Client legal privilege issues in managing and investigating safety incidents — Part 3
Friday, 12 December, 2008
Part 1 – Introduction
Part 2 – Potential issues and solutions
Part 3 – Potential issues and solutions (continued)
4. Issues concerning external lawyers and organisations corresponding with third parties involved in the safety incident and the safety regulatory authority
It is not uncommon for multiple parties to be involved in a safety incident at a workplace. These parties could include associated companies, directors, shareholders, insurers, workers, families of workers and other businesses or contractors at the same workplace. These parties may continually request information from the organisation directly involved in the safety incident. It is vital that procedures are put in place within an organisation to ensure that privilege is maintained and not expressly or impliedly waived.
To avoid waiving privilege when communicating with a third party or safety regulatory authority, the following action is recommended:
- do not reveal the substance or conclusion of legal advice received;
- do not refer to legal advice received in such a manner as to disclose the substance or conclusion of the advice, especially if the reference is simply to bolster a client’s position. A recent example of such a reference is: “[The client has] acted at all times with the benefit of external legal advice.” This was considered to be an express waiver because it conveyed the message that the client’s conduct was undertaken on external advice and in accordance with that advice. Extreme caution should be used when referring to legal advice because it is likely such reference will result in a waiver of privilege; and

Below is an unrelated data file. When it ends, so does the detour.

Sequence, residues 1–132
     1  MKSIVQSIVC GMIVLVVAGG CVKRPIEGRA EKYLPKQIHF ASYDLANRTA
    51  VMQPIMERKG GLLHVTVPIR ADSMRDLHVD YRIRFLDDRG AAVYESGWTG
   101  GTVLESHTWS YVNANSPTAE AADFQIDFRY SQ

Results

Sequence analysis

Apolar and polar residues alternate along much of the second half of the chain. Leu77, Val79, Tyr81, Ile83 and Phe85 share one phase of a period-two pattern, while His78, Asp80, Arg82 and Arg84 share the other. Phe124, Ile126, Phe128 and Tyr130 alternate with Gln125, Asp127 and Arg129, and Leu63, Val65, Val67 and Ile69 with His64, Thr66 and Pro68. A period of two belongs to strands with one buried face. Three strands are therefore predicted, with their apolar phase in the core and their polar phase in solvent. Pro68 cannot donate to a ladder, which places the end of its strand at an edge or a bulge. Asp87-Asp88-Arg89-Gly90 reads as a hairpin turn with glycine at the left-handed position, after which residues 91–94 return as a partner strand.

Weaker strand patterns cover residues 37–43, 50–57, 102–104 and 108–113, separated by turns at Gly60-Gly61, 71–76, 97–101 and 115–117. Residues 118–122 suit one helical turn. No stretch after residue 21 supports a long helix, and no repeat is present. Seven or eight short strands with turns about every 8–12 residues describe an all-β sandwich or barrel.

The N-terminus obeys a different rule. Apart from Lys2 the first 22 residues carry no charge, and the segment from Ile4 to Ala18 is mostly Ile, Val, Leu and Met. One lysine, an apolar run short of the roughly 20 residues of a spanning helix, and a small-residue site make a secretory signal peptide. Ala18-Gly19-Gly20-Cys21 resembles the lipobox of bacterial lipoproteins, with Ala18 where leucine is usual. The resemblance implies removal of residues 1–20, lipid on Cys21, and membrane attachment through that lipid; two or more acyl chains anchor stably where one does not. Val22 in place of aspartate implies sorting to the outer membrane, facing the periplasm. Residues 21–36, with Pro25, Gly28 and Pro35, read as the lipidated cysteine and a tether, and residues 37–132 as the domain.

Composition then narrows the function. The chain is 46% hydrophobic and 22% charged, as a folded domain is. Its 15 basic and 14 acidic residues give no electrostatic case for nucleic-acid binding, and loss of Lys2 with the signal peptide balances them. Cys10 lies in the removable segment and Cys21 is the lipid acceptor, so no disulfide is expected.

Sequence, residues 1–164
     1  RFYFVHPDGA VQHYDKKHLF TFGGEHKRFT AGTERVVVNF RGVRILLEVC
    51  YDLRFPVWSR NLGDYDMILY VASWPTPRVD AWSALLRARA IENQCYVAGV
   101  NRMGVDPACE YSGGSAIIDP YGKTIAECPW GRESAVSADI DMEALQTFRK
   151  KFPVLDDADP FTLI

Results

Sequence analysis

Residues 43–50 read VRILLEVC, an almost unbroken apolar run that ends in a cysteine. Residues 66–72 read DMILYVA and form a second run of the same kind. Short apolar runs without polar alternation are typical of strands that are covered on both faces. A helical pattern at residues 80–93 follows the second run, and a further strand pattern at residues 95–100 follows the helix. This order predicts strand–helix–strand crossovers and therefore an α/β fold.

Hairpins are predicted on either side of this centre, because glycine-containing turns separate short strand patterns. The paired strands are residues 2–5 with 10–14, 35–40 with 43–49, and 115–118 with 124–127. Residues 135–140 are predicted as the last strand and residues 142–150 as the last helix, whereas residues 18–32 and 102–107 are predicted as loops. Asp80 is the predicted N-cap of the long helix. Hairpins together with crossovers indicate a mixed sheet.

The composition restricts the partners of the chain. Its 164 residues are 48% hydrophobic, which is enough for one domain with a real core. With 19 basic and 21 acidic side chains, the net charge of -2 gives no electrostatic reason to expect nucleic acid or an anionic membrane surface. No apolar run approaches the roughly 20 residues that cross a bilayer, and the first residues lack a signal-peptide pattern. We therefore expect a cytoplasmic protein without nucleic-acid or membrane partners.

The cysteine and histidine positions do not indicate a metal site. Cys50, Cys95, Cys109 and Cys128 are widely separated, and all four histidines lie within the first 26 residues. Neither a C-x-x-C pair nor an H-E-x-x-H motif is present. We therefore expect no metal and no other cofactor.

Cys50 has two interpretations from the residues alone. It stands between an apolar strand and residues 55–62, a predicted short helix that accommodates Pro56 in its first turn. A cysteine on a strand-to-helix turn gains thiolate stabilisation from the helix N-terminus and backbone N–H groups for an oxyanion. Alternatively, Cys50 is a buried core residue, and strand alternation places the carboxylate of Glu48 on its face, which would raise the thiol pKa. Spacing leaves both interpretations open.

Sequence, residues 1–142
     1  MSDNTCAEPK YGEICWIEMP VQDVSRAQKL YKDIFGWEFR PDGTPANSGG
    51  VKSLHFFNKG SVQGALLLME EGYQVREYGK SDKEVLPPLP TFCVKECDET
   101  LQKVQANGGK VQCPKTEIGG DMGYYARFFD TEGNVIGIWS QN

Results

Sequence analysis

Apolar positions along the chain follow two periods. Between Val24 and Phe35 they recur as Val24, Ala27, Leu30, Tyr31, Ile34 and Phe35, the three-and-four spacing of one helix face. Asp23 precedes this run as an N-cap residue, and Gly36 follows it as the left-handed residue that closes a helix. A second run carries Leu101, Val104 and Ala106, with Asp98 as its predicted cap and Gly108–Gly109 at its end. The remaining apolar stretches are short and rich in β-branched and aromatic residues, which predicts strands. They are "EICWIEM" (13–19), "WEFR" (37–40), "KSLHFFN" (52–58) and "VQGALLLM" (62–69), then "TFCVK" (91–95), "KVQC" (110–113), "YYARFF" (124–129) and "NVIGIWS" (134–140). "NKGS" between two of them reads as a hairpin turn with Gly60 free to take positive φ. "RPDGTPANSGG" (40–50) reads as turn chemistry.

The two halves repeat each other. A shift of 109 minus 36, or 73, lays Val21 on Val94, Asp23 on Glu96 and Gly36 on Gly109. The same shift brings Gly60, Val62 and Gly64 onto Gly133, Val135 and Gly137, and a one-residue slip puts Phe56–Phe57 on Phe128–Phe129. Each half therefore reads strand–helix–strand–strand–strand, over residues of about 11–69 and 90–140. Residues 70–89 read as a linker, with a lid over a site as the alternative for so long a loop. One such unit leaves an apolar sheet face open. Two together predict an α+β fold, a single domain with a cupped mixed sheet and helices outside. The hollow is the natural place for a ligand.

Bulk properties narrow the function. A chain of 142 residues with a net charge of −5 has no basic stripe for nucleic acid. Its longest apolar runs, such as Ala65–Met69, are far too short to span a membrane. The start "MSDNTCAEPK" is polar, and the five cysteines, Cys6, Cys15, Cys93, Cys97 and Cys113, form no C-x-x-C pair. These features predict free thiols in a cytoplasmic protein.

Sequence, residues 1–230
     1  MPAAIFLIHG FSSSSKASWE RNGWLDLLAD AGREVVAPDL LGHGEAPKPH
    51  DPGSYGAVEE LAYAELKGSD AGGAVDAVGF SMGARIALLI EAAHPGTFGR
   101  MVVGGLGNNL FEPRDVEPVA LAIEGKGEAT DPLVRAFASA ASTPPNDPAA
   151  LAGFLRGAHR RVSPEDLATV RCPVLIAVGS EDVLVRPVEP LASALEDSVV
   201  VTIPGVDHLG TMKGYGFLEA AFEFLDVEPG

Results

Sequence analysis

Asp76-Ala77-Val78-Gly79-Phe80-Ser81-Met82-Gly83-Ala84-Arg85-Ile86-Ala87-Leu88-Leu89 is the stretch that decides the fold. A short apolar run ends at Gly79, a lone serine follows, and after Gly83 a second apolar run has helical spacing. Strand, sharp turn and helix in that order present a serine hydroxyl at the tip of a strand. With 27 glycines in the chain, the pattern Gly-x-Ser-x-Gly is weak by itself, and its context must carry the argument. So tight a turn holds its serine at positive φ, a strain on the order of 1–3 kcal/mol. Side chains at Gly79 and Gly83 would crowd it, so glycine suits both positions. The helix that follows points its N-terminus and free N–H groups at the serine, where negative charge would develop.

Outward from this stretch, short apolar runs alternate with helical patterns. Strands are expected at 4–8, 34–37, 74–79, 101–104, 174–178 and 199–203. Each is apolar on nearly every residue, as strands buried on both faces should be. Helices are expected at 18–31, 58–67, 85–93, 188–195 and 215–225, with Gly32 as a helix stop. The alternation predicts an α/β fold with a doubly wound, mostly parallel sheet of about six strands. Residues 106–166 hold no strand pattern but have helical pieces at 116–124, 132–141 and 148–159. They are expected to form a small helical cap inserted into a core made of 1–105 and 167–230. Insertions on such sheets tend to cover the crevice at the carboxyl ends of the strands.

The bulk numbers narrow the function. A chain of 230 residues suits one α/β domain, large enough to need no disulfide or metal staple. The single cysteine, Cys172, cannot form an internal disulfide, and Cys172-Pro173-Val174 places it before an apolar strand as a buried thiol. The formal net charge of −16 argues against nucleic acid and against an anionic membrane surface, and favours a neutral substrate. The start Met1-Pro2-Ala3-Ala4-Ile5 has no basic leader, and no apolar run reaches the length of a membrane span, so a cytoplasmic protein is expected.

- decisions about the provision of confidential information should be made on a case by case basis. It is strongly recommended that any proposed disclosure of information to a third party is first confirmed with legal advisors.
5. Issues concerning multiple entities involved in a safety incident
Frequently, different lawyers will be acting for different entities that are involved in the same safety incident. The primary issue to consider is identifying potential conflicts of interest. An example of this is where lawyers for a company may wish to lead different evidence and defences to that company’s directors and managers. It is important to be able to identify this divergence of interests quickly so that information intended to be privileged is not shared amongst the parties such that the privilege is waived.
A secondary issue concerns joint reports. Commissioning joint reports can be risky where parties’ interests may conflict over the course of the investigation. If that happens, it could result in one party claiming privilege over the report while the other party waives privilege over the report. Unless the report is protected by joint privilege, one party’s waiver of the privilege is binding on all parties.
*Katherine Morris is a Senior Associate at Corrs Chambers Westgarth.
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